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Police surf Net to nab sex predators


Source: The Oakland Press
Date: January 20, 2004


They are already becoming familiar stories - too common. A man is arrested by waiting police officers after he arrives for what the suspect believes is a planned rendezvous with a teenage girl, who actually is an undercover cyberdetective.

Or men are surprised when their sharing of child pornography online is traced to their home computers from investigations that began in areas as far away as California or Canada.
And though similar cases have been highlighted in the media for several years, the predators lurking online don't seem to pay attention to the news, because the number of such arrests is increasing as departments add cyberdetectives to the long list of specialty investigators.

They want to make sure the message is out there: Cybercops are waiting.
Hundreds of such cases are going to court every year, keeping the Oakland County Sheriff's Computer Crimes Unit busy. Meanwhile, several departments have added an online detective, including Southfield and Waterford Township.

Detective Sgt. Frank Mostek of the Waterford Police Department has an idea as to why these familiar stories are repeated.
During a training session in Florida for computer investigations, the federal agent leading the course showed the class a brief sample of browsing chat rooms.

The agent posed as a young teenage girl, 13 or 14, and it didn't take long for the discussions to get to sex: What's your bra size? What color panties are you wearing? Have you ever had sex?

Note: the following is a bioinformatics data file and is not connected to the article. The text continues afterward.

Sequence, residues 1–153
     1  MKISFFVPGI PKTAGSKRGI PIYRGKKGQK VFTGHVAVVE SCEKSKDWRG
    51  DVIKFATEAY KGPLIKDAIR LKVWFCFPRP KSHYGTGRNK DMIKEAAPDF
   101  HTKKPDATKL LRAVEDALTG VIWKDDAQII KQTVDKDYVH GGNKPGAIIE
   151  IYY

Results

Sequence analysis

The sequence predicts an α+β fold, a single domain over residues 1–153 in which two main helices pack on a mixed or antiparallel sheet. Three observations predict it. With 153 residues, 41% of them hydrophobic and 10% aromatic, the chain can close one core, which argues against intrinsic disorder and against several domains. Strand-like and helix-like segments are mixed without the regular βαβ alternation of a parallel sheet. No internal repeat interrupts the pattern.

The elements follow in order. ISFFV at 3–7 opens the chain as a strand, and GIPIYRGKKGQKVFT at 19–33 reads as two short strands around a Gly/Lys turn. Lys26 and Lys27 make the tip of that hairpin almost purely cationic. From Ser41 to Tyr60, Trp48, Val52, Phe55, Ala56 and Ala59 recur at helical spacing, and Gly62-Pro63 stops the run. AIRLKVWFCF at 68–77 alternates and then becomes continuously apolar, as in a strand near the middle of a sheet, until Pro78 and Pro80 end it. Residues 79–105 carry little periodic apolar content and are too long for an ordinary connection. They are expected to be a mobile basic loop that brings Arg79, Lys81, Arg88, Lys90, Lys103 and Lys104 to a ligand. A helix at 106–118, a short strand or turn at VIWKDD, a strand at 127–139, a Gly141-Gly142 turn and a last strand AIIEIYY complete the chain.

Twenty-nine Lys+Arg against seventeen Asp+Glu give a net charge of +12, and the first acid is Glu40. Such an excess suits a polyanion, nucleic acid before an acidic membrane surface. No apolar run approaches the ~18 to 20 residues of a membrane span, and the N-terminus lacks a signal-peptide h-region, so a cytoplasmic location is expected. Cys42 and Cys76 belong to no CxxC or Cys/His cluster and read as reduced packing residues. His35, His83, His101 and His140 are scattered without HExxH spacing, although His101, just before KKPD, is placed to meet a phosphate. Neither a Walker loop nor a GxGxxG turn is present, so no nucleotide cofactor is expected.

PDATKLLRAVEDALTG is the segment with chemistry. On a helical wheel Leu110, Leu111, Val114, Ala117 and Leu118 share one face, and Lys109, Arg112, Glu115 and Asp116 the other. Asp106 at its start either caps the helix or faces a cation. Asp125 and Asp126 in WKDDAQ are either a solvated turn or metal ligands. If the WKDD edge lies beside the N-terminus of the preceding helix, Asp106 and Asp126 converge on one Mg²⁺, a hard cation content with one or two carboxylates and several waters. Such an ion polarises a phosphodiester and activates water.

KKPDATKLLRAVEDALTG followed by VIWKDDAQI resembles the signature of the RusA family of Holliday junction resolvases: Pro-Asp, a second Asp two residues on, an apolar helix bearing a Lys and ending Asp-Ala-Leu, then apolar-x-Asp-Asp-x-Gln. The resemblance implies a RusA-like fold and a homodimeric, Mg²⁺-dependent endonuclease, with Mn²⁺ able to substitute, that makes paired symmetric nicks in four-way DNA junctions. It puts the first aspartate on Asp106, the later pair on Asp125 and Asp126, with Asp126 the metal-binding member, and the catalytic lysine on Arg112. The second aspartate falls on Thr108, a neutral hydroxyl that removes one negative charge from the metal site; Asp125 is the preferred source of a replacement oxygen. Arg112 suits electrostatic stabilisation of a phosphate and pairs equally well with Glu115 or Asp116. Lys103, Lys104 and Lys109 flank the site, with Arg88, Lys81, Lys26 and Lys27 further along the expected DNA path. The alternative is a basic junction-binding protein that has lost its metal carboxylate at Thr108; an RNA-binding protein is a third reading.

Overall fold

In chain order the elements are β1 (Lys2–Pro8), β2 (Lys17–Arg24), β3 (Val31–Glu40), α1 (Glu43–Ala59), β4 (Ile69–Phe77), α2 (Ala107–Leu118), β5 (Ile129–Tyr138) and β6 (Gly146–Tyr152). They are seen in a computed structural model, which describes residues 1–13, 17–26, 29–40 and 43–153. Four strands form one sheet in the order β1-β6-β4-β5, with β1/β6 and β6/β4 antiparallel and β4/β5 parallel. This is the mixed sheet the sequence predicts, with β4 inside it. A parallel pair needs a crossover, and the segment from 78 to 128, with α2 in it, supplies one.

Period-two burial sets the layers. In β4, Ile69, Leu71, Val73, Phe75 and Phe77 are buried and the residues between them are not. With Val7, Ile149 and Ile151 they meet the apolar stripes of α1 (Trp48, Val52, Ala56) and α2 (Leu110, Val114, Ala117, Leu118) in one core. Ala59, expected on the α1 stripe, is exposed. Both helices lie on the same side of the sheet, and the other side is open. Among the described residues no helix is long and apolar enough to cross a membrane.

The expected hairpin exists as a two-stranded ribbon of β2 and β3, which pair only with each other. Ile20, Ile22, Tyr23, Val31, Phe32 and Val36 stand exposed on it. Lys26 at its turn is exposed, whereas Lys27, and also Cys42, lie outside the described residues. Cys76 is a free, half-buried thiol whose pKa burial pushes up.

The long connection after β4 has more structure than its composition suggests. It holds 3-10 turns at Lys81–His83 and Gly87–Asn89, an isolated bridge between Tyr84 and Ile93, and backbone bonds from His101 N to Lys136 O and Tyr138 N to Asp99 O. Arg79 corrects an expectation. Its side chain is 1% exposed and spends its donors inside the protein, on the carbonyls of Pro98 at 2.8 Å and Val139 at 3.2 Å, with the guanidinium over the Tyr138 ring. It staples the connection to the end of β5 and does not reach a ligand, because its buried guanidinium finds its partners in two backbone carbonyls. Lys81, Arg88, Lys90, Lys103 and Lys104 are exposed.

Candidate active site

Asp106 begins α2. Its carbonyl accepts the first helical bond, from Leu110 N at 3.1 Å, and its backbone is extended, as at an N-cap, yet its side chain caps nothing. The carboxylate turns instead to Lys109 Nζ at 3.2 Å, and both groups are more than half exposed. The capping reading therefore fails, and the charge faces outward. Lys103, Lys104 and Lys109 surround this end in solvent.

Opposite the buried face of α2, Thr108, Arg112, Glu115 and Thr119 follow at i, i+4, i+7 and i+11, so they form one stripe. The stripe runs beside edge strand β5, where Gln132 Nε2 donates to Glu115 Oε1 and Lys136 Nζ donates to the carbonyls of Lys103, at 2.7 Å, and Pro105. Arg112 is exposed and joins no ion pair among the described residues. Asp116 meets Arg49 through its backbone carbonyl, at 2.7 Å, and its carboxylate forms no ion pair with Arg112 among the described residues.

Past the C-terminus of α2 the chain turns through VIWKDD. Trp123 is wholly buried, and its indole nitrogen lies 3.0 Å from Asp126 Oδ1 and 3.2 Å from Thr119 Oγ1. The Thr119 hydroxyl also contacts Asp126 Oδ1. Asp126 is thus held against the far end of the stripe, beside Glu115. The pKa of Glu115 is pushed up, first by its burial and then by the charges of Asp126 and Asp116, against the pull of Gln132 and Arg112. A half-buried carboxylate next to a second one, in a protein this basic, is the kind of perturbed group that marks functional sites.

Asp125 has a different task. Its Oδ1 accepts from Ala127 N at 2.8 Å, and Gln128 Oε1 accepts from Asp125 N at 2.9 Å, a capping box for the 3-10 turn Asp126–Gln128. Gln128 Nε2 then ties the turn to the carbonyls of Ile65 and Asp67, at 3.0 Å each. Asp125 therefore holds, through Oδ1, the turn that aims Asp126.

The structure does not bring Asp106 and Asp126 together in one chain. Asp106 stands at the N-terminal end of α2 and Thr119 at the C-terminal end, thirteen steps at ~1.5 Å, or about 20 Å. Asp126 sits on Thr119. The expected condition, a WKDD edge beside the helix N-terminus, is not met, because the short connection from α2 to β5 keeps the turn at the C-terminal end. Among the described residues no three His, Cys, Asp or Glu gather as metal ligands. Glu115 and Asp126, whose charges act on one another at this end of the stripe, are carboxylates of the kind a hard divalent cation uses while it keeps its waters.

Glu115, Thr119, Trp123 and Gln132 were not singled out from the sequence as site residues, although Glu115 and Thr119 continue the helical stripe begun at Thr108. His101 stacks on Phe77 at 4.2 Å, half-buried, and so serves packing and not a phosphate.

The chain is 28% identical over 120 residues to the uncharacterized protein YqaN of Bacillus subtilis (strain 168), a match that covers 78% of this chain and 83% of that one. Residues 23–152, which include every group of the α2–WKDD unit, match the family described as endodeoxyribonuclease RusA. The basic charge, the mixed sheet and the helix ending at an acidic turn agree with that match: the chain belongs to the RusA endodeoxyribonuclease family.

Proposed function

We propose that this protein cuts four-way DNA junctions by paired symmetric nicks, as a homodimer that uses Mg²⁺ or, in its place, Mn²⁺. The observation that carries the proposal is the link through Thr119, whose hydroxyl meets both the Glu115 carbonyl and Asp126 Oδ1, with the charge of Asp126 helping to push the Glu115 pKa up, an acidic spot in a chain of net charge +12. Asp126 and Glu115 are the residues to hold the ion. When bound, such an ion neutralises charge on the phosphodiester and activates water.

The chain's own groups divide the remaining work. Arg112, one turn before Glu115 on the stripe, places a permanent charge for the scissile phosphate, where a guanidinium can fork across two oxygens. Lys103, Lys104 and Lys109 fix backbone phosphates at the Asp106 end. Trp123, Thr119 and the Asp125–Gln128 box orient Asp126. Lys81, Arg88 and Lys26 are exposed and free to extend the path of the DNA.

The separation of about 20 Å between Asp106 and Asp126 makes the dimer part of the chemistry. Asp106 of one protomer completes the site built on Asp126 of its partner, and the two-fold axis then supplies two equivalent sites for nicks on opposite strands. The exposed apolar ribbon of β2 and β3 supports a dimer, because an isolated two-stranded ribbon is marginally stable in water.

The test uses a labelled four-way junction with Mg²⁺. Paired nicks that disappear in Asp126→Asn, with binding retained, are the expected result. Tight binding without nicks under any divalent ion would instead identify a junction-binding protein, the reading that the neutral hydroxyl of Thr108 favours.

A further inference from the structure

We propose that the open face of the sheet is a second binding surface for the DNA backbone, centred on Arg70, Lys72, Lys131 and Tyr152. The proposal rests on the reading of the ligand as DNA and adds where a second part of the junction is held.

The answer was simple, and one that might scare away most reasonable people: "I'm actually a special agent teaching a classroom full of cops about cyberpredators."

But the response was unexpected. "Ha. Yeah right. So about your sexual preferences ..."

Mostek was struck.

"I thought, 'It can't be that easy,' " Mostek said. "But when you jump online, it's like shooting fish in a barrel."
Mostek said the crimes remain easy to find - even with the seemingly weekly arrests.

But the continuous coverage does not slow down the online predators.
"They don't get it," Mostek said. "As much as we're out there telling people we're coming after you, they're pretty persistent."

Mostek believes it's the anonymity of the Internet.
"I don't think they think they're going to get caught," he said. "Everything is private (online). They're in their own home. They feel invulnerable. Everybody online feels anonymous."

Oakland County Prosecutor David Gorcyca said these crimes are pervasive, having grown from pedophiles who dared to walk parks and school yards.
"You could have a thousand cybersleuths working on cases every moment of the day, seven days a week and 24 hours a day," Gorcyca said. "You could never have enough detectives and prosecutors."